Kemperman, who was a perennial contender for the track title from 1968 (when he won it) through 1974, left Raceway in a dispute over a new tire rule which limited the late model drivers to a certain brand and size.
And it was a very profitable venture for the 39-year-old railroad switchman, who made a name for himself driving the Midwest racing circuit, winning numerous feature events.
But being a Blue Island resident, there was good reason to believe that he would once again return to his home track. That belief became reality this season, when owner/promoter Pete Jenin made another change in the tire regulations, one that Kemperman liked.
So, with a 1976 Camaro that had proven itself worthy on the half-mile circuit last year, he made his first appearance at Raceway's quarter-mile oval on opening day in the 100-lap classic.
Kemperman led that race for quite a few laps but had to settle for second when a touring professional from Ontario Canada (Junior Hanley) passed him in a tangle at the halfway point of the race. Since then, however, his record ranks on the incredible.
In 11 feature tries going into last night's action, Kemperman had 11 victories. Included in those triumphs was a win in a return match with Hanley. At this pace, he could very well set a track record for feature wins in one season, set by Bud Koehler in 1967 (30).
And the fast start this year has also inched him closer to Ted Janecyk, who is the fifth ranking driver in career feature wins with 96. Kemperman now has 74 and could conceivably pass him be the end of the current season.
On a long-term basis, there is a good chance that he could wind up second in career features if he stays at Raceway for a few more seasons. Koehler leads the field with 482, but former track star Bob Pronger only has 148 wins to show for his second place ranking.
Kemperman also has one big advantage over any of the other veteran drivers who are still active and in the top 10. Being only 39 years old, he hasn't really hit the peak of his racing years. But he may have other plans though, for the future.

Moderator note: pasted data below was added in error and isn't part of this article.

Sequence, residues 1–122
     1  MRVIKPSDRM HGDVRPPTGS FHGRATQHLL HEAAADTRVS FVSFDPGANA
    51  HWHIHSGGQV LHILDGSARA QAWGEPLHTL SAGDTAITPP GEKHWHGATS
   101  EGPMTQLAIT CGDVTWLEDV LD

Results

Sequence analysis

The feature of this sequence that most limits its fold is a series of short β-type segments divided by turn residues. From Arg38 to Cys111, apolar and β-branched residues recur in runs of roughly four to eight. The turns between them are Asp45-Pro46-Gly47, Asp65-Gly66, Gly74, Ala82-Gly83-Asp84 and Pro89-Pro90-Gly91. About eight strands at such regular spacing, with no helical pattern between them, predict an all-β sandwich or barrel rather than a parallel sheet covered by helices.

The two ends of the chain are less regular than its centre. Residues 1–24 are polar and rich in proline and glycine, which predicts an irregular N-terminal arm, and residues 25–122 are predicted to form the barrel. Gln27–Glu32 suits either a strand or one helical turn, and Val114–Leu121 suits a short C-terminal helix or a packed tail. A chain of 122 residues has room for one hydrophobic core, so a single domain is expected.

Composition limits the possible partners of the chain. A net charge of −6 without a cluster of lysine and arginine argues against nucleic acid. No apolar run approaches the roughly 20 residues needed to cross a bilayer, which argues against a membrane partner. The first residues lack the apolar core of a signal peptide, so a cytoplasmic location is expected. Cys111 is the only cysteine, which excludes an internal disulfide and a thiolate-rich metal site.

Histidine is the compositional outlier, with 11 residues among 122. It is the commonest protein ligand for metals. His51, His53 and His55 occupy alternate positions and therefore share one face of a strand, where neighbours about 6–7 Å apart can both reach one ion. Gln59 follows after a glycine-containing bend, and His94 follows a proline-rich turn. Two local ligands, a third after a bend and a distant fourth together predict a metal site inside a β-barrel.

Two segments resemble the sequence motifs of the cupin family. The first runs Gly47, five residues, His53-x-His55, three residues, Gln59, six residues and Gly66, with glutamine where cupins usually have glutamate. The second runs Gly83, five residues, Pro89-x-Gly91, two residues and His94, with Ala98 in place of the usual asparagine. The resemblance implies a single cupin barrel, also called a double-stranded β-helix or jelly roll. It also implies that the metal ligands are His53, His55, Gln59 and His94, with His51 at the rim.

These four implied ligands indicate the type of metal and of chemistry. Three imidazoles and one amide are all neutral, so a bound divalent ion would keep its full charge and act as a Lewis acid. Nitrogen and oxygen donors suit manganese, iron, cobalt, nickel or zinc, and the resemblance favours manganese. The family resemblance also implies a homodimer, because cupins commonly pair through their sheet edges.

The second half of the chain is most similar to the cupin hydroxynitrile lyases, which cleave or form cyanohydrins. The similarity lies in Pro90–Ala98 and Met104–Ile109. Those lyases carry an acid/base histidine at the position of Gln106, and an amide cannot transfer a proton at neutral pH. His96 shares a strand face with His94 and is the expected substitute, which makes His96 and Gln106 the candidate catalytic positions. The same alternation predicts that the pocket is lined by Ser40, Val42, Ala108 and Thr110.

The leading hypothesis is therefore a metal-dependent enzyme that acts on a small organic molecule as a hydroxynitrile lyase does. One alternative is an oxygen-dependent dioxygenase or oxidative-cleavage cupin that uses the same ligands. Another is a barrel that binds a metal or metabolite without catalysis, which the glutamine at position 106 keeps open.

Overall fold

"I would really like to run some of the bigger shows," he says frankly. "I just like bigger tracks. You don't get involved with as much damage arid the money is much better."
Money is something that all drivers have to depend on to keep their cars in top-notch shape. And money, or lack of it, has been the main reason that so many top short track drivers have had to remain top short-track drivers, instead of attacking the big circuit.
But money wasn't the reason that Kemperman got into racing and it won't be a reason for his leaving the sport when that day should come. In fact, love of racing may keep him on the track for many years to come.
"It's awfully hard sometimes," he admits. "Racing can become more of a job than a thrill week after week. But it's just something you do. Once it gets in you, it's hard to think about leaving it."
Other drivers may have better overall records than Kemperman, but it's unlikely that many have done better in the short time span than the late model veteran has. Kemperman has racked up those 74 features in just a little over 14 racing years at the Blue Island plant, although he's been racing full-time for 16.
"When I was 23 years old (back in 1961), I had a friend quite a bit older that raced at Raceway," he explained. "I was constantly monkeying around twisting wrenches Also, my uncle used to lake me to the races a lot when I was little. So I always wanted to be a race driver, although I felt that it was a far-fetched idea."
Kemperman ran his first race at Raceway during the 1961 season and didn't win an event. Things didn't fare well in '62 either, when he managed to win only one heat.
But signs that he was to be a great one surfaced during the 1963 campaign, when Kemperman won seven heats, three trophy dashes and four features. "He really came along pretty rapidly," said Wayne Adams, track announcer at Raceway since the middle 1940's.
Kemperman hinted around at being a contender for another few seasons until 1968, when he won four heats, four trophy dashes and a whopping 15 features to break Koehler's two-year streak.
Those early seasons took a lot out of the drivers, according to Kemperman, who spent many a day in the workshop banging out dents and crushed radiators after battling with the rough and tumble veterans.
"There was a lot of bulldogging in those days," he recalled. "It was strictly crash-bang, get out of the way racing. I've broken my ribs three times at Raceway and never really been hurt anywhere else.
And for that reason, Kemperman uses a window net - a commodity that many tracks are making mandatory this year. "After getting into an accident at Morris (another track) and my pit crew said that my head was actually hanging out the window, we went to the net."
Today, however, racing has become more a scientific sport with fewer crashes, but more skillful driving. Kemperman, who could bash fenders as well as anyone, had to change his driving style to fit the times.
Looking at his record, Kemperman is doing just fine.
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